Of these two the Comet took longer to assemble, only because the bearing holes took a while to open up to the right size for the bearings. Both of these boxes are running cheap Chinese motors, the smaller motor (a Mitsumi) is quite noisy when running free of the box. The other motor is reasonably quiet but not as quiet as the Mashima’s above.  Also neither of the Chinese motors fix vertically to the gearbox mount. The Comet combination will easily fit in a Dapol/Hornby LMS 2P body and the HL combination will easily fit in an Airfix LMS 4F body.

 

Both of these boxes are super smooth (beginners luck?, precision etching and quality manufacture more likely!) and produce low levels of noise – bearing in mind I don’t have much of a reference point to compare them to. I have two more Comet boxes to use and think I’ll be quite happy with them; they’ll also be fully hidden in the 2P body when driving the front axle. On the HL I’ve not yet secured the idler shafts – firstly, because I’m not sure of the best way to and, secondly, I’m not sure what loco it’ll run in, so don’t know how much room I’ll have between the frames, as I may need to shorten them by a mm or so.

 

I think future purchases will be between the HL type and Comet. Personally, I couldn’t justify £80, or thereabouts, for a DJH motor gearbox combination. I do understand though that a professional builder would consider the time/cost benefit differently. Horses for courses as they say.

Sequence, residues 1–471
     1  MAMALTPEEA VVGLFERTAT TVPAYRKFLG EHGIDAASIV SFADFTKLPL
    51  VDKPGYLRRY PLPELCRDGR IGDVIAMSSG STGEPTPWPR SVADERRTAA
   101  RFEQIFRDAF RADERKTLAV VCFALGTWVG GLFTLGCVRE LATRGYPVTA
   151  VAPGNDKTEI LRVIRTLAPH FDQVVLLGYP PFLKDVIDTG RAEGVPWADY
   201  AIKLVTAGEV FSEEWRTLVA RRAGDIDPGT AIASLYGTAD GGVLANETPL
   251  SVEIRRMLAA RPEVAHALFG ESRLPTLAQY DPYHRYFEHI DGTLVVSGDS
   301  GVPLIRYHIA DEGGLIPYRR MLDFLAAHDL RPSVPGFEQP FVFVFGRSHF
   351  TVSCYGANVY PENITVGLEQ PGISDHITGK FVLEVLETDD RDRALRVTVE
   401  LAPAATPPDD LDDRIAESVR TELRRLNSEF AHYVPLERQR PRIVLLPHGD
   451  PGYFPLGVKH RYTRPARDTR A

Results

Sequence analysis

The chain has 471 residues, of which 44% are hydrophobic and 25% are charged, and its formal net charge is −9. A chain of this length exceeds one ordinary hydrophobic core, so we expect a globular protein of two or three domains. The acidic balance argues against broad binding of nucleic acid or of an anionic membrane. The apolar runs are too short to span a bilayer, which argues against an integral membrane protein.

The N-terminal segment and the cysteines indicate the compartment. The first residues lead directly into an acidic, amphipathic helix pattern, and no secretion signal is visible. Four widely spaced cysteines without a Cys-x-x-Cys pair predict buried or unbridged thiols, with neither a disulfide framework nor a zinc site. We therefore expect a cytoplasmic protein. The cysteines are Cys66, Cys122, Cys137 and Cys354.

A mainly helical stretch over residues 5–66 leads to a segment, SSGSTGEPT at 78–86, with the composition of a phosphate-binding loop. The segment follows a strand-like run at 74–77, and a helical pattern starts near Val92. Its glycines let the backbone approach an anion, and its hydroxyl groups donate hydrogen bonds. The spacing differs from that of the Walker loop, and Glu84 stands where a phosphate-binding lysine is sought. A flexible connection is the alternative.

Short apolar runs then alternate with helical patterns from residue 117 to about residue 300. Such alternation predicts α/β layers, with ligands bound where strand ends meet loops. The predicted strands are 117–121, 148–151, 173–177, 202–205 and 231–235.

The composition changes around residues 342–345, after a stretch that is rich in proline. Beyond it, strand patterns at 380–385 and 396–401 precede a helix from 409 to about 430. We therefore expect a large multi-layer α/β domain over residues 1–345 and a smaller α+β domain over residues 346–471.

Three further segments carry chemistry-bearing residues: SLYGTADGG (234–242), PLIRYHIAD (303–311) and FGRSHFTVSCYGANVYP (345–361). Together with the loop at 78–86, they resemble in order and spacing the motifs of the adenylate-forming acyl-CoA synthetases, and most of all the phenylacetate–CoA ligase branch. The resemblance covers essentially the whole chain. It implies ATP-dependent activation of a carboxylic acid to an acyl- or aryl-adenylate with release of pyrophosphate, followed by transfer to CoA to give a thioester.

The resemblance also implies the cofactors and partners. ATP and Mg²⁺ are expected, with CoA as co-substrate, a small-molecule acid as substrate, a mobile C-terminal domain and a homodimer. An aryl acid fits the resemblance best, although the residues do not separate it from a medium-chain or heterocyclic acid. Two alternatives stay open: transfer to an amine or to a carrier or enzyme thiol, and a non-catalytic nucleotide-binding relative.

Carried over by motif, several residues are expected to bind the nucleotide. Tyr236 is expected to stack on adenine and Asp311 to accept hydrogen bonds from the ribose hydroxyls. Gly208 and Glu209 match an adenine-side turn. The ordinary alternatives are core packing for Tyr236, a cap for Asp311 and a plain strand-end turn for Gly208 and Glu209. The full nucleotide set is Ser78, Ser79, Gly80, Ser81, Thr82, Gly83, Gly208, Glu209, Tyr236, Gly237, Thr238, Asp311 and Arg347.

Kind regards,

 

Iain

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to remove a random 'is'
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28 minutes ago, 65179 said:

 

Many 2mm scale slidebars are formed from 2-3 layers of 10 thou nickel silver or filed down to something similar from nickel silver bar/plain rail.

 

@Nick Mitchell has done much to de-mystify the art of motion and valve gear assembly in the relevant bits of his excellent videos on building an etched chassis for the Peco Jubilee:

http://www.2mm.org.uk/articles/jubilee/pt4.html

 

As has Tim Watson's work on Valour in relation to crosshead manufacture (sadly now without pictures due to tinypic): 

 

where those available via the 2mm Association or N Brass (https://www.nbrasslocos.co.uk/fitall.html#ROD ) will not do.

 

The hex bolts for the coupling rod fixing on Tom's loco look like the issue regarding the width of the motion etched parts. Lots of compromises to ensure adequate clearance, particularly if the front wheelset has much sideplay. 

 

Regards,

Simon

 

 

 

Thanks Simon,

 

There is a great deal of slop in the axles of the OO9 0-4-2ST, which can cause the leading crankpins to foul the back of the crosshead (why so much slop is needed, I don't know, since it's only four-coupled).

 

I approached the build with too much 'big-stuff' in me, and should have taken more care. That said, the approaches you've shown illustrated the advantages of bar stock or laminates over a single, thin piece of nickel silver to make slidebars.

 

As I say, the fault is more on my side than the product itself.

 

I'm back to what I know now, and should complete that A3 over the weekend (cricket-watching allowing!). 

 

Regards,

 

Tony.